The era of printing

The era of printing started in 1450, the date of the first printed Gutenberg Bible, which was spurred on by the ideals of humanism during the Renaissance period. This is also when St. Jerome’s fame rose meteorically, and the Bible suddenly became available for many more readers (or listeners), ultimately resulting in the Reformation in Germany and other European countries.


The era of the Bible Society

The era of the Bible Society started in 1804, the year the British and Foreign Bible Society was founded, followed shortly after by its American and Scottish counterparts. These organizations supported Bible translation and printing via missionaries in many parts of the world.


The era of professionalized translation

The era of professionalized translation began in 1943, the year Eugene Nida started to publish extensively on Bible translation and translation in general and eventually developed the concept of “dynamically equivalent translation.” Wycliffe Bible Translators was founded in 1942 and Ethnologue in 1951, and virtually all Bible translations in areas without a long Christian tradition were led by proactive foreign missionaries.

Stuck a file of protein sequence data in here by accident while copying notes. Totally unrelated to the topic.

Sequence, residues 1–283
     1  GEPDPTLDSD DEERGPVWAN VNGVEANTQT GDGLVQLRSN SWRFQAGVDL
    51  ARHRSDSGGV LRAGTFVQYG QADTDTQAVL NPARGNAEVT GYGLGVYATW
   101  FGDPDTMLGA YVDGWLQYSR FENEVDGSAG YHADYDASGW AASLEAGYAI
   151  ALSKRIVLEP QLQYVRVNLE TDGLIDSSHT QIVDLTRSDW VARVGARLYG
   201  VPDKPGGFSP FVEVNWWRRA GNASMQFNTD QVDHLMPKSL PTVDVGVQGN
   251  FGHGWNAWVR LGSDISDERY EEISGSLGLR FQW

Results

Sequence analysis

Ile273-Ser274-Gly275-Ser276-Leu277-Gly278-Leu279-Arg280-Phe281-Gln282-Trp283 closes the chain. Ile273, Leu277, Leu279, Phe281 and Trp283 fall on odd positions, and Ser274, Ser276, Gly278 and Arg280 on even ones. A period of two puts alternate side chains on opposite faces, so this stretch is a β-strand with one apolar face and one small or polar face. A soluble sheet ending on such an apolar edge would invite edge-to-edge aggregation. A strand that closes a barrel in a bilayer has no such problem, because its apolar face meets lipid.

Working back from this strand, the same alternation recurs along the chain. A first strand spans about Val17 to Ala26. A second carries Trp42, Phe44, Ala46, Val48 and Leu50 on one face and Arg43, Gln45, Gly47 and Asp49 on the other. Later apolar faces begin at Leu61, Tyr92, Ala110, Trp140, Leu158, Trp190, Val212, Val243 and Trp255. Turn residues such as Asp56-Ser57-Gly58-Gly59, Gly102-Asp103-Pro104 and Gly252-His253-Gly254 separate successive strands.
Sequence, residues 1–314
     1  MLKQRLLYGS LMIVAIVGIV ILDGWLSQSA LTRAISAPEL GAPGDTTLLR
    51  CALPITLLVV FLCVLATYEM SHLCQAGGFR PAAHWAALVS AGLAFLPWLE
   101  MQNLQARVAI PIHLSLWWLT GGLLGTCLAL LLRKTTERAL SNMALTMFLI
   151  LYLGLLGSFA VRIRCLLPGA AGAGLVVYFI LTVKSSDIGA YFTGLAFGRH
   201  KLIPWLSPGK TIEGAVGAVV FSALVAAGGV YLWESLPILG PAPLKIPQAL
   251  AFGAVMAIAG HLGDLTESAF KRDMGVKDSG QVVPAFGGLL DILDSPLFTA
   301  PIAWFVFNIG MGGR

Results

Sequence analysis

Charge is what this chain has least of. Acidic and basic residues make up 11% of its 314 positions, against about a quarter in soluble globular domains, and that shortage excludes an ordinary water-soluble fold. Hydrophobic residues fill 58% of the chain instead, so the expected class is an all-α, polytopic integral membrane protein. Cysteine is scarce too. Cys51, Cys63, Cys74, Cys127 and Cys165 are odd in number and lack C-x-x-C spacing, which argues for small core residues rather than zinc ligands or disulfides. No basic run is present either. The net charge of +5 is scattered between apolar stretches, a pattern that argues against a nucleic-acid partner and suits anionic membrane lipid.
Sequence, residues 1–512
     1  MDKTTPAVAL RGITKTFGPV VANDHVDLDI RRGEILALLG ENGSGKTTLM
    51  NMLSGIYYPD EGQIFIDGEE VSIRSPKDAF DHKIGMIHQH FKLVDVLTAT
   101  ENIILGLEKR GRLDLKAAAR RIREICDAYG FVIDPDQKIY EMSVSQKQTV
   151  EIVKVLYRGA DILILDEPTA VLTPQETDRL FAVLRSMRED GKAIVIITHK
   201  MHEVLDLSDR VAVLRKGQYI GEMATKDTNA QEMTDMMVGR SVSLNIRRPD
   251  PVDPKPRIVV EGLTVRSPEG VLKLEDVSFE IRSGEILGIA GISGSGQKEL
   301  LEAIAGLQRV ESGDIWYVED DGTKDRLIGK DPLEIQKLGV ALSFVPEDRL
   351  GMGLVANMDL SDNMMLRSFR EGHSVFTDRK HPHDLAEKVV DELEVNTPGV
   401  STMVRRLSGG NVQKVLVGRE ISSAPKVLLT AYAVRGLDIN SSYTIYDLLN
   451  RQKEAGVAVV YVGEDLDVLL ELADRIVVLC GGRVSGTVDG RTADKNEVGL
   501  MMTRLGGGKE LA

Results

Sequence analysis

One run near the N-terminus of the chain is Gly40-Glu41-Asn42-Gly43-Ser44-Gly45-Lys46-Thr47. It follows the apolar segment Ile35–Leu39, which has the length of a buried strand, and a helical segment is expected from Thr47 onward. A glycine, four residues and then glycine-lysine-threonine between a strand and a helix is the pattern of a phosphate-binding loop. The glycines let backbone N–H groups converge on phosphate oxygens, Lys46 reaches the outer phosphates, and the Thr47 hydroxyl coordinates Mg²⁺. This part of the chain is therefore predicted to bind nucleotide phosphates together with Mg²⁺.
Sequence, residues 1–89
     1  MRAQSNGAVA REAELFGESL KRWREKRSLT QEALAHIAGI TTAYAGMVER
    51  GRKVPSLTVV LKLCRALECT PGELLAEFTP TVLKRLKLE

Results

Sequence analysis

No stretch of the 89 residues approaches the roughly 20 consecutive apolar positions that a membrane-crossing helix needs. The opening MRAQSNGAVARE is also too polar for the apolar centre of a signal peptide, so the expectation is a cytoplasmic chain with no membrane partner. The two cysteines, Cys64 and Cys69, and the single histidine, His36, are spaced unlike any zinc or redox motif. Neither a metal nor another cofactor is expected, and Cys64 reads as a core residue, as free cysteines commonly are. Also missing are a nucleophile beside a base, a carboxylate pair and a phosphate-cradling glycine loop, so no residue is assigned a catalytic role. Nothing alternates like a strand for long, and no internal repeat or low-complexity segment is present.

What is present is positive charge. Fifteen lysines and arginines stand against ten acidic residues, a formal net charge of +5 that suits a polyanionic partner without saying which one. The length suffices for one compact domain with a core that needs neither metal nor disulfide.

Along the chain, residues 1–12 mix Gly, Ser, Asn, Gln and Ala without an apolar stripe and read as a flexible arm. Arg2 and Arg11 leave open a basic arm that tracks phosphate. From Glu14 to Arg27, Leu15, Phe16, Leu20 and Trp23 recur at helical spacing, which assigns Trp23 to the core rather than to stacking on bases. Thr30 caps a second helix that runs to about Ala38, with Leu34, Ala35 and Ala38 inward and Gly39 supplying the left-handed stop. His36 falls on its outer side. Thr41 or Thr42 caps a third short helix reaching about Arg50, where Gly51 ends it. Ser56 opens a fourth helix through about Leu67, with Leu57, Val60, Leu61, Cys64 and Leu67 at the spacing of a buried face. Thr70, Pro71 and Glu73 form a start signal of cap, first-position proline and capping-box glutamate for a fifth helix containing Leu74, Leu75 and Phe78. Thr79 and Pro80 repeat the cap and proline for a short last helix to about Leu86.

The interconfessional

The interconfessional era emerged in 1965 when the Vatican’s earlier encouragement of Greek and Hebrew studies in the 1940s was accelerated after the end of the Second Vatican Council in 1965. Many interconfessional translation projects (combining efforts of more than one confession) were launched during this period.


The era of non-missionary translation

The era of non-missionary translation started in 1970, the first year of the decade that started a major shift away from missionary-led efforts toward native-language teams working on Bible translation.

I’m going to call the next period that emerged in the 2000s the era of non-printed translation. This includes digital text and audio Bibles on cell phones or other devices; Bibles in traditional storytelling or music-based formats; and Sign Language Bibles (see “Non-textual formats” below).